Purdue Extension’s Nutrition Education Program’s (NEP) interactive website with videos and lessons. The Purdue Extension Nutrition Education Program (NEP) works to improve the nutrition and health of audiences with limited resources in communities throughout Indiana. NEP has existed in Indiana since 1994 as a part of Purdue Extension.
Purdue Nutrition Education Program's (NEP) main website in the college of Health and Human Sciences.
Indiana Grown Website The demand for locally made products is at an all-time high, which is what prompted the Indiana State Department of Agriculture to create Indiana Grown – a statewide branding initiative. Members use the Indiana Grown logo on their products, which forms a clearer designation of which products truly come from Indiana, and also help Hoosier consumers easily identify and buy these products.
Cooking Matters works to make sure all kids have the healthy food they need every day. The participants in Cooking Matters courses and tours are moms, dads, grandparents, caregivers, kids and teens who want to make healthy meals on a budget. They learn to shop smarter, use nutrition information to make healthier choices, and cook delicious, affordable meals.
HHM is the first farmer-owned online farmers’ cooperative featuring locally grown and produced food – produce, meats, eggs, cheeses, wheat products, flowers, honey and more – all grown or made throughout the state of Indiana.This convenient system serves food producers and customers alike, as the farmers save time and buyers are able to shop from their computer year-round. Every time you shop, you directly support local family farms and businesses!
HHS is a network of county-based Extension Educators that serve all 92 Indiana counties. Drawing upon research and expertise from Purdue University to educate communities and help identify practical solutions to local needs, HHS Extension delivers educational programs, applied research and resources. With a focus on issues related to food, family, money and health, Purdue Extension Health and Human Sciences reaches more than 1 million residents with educational programs every year.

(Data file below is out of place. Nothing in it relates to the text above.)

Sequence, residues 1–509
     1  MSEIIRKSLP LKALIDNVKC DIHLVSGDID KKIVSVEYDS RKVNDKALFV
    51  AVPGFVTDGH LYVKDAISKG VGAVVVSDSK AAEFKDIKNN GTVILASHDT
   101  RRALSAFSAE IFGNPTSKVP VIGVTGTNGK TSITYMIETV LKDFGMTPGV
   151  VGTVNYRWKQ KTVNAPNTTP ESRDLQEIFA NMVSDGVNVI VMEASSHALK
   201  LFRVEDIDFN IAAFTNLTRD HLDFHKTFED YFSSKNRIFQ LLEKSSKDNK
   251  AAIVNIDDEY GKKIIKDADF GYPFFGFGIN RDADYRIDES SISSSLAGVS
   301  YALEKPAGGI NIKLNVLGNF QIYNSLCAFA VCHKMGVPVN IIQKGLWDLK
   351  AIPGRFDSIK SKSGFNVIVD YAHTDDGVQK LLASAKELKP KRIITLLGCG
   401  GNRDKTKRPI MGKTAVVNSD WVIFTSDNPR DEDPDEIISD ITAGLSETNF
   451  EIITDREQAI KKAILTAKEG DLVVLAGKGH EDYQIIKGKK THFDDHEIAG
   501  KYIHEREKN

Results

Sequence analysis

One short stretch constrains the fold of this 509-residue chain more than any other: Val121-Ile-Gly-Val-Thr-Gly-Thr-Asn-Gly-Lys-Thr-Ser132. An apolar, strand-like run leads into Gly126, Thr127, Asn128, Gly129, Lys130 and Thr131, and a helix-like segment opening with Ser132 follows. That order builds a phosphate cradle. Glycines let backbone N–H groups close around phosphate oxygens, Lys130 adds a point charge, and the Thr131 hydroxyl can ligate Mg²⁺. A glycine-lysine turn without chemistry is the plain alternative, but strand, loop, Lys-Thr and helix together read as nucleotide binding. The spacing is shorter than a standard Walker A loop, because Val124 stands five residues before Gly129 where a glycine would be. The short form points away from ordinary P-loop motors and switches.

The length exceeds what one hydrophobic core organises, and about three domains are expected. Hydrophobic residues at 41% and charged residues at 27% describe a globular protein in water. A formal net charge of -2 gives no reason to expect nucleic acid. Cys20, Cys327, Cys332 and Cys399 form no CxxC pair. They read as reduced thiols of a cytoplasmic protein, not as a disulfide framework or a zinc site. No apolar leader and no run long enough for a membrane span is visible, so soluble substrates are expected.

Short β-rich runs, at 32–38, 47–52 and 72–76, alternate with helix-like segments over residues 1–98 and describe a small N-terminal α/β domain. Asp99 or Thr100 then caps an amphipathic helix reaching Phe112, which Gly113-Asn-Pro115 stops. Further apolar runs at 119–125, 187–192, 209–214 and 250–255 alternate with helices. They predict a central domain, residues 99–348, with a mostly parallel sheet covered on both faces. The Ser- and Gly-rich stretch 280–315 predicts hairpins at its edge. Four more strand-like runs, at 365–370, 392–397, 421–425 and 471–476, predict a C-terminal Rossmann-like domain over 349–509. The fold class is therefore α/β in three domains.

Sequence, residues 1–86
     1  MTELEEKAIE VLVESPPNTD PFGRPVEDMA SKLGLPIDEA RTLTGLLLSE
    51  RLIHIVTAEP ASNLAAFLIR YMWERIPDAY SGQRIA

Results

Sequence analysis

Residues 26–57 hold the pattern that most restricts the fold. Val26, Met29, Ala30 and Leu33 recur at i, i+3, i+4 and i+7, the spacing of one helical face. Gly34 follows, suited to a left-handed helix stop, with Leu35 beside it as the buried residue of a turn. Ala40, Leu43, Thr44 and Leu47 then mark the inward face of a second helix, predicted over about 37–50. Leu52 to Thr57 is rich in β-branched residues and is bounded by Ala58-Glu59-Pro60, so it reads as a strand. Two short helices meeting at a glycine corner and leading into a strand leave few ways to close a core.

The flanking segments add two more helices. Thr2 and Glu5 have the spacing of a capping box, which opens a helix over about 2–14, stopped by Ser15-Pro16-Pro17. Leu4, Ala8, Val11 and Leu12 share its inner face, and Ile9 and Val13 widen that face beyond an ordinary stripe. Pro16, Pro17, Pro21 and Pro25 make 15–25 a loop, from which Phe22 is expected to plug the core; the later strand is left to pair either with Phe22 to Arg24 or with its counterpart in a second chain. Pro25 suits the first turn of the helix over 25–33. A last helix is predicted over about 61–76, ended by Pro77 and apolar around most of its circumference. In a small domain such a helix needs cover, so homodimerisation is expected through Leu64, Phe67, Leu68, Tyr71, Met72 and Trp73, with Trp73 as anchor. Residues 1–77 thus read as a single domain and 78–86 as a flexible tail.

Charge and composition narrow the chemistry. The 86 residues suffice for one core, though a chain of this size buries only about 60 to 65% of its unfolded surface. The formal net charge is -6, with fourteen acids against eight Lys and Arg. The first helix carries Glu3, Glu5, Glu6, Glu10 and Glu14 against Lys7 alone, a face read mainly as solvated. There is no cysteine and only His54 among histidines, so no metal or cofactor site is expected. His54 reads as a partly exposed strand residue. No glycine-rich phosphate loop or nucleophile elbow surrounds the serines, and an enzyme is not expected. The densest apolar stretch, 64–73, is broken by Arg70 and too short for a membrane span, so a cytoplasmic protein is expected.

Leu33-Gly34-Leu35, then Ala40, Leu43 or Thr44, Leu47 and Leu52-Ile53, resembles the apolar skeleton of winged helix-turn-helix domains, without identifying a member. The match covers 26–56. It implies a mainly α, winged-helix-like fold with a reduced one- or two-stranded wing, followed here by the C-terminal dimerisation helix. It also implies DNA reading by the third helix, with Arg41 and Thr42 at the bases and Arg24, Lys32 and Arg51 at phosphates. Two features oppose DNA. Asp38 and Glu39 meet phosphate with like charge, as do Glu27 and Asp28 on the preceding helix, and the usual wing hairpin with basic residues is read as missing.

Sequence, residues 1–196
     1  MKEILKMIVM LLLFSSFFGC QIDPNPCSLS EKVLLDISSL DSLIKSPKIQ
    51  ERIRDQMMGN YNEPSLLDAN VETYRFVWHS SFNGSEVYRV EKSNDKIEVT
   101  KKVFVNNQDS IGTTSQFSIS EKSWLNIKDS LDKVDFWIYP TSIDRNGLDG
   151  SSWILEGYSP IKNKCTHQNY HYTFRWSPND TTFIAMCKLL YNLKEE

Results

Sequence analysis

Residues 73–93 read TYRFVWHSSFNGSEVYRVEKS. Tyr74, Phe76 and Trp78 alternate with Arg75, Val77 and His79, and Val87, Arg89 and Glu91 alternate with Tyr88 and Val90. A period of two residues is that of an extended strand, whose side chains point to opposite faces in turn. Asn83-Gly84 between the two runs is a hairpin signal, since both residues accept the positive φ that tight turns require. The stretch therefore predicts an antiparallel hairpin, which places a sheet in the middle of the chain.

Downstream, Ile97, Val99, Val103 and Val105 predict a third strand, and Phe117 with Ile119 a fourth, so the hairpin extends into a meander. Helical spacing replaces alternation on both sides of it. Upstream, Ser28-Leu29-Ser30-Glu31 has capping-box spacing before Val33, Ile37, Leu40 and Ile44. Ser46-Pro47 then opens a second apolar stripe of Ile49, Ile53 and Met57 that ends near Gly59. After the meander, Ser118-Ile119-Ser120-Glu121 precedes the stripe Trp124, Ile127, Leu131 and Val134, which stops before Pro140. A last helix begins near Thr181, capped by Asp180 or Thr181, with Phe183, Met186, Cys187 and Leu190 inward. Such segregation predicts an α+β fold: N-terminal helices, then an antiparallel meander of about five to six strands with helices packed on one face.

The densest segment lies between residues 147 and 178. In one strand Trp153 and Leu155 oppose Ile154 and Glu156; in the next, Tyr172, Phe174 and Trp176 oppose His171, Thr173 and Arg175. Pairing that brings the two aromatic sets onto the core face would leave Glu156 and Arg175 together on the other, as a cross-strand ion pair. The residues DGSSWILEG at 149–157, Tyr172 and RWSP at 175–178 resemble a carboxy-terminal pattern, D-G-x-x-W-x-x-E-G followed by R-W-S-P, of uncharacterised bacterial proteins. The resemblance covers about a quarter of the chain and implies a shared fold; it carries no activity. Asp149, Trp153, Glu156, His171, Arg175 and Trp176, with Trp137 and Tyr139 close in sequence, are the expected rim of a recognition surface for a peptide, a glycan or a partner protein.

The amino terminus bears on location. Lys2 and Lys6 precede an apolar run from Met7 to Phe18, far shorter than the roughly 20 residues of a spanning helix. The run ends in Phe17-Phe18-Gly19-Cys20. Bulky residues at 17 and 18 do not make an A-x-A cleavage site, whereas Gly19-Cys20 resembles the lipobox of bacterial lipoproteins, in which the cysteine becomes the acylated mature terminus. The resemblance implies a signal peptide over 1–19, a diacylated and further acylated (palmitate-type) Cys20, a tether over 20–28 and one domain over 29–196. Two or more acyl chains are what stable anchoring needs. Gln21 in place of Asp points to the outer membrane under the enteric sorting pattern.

With the increased complexity of the product offerings at farmers’ markets, health departments have become more involved in ensuring food safety. This publication offers information to market masters and vendors on keeping consumers safe by examining food safety regulations.
This publication provides a basic guide to understanding food-safety issues relevant to farmers markets and agritourism operations. It is designed for farmers, ranchers, and certified farmers’ market managers but can also be useful as a resource for educating employees about food-safety concerns and regulations and as a reference for other agricultural professionals.
Providing product samples to customers at a farmers’ market adds to the experience of the market and is helpful in educating shoppers about farm products and perhaps increasing sales. Samples can be offered in a food safe manner with some basic care. Though written for Michigan this publication offers good insight into basic good practices to ensure that the enjoyable experience of sampling does not become a food safety concern.
Shopping at a farmers’ market can be a wonderful family experience but in addition to being fun it can also be good for you and your community. This document includes valuable tips and suggestions on how to find and keep the best quality and ensure the best shopping experience possible. There are also questions that shoppers may wish to ask to help in the buying process.
How clean is your kitchen? What grade would a food inspector give it? To find out, take a few minutes to complete this check-up. Check the box beside each number if all of the bulleted points are TRUE for your kitchen.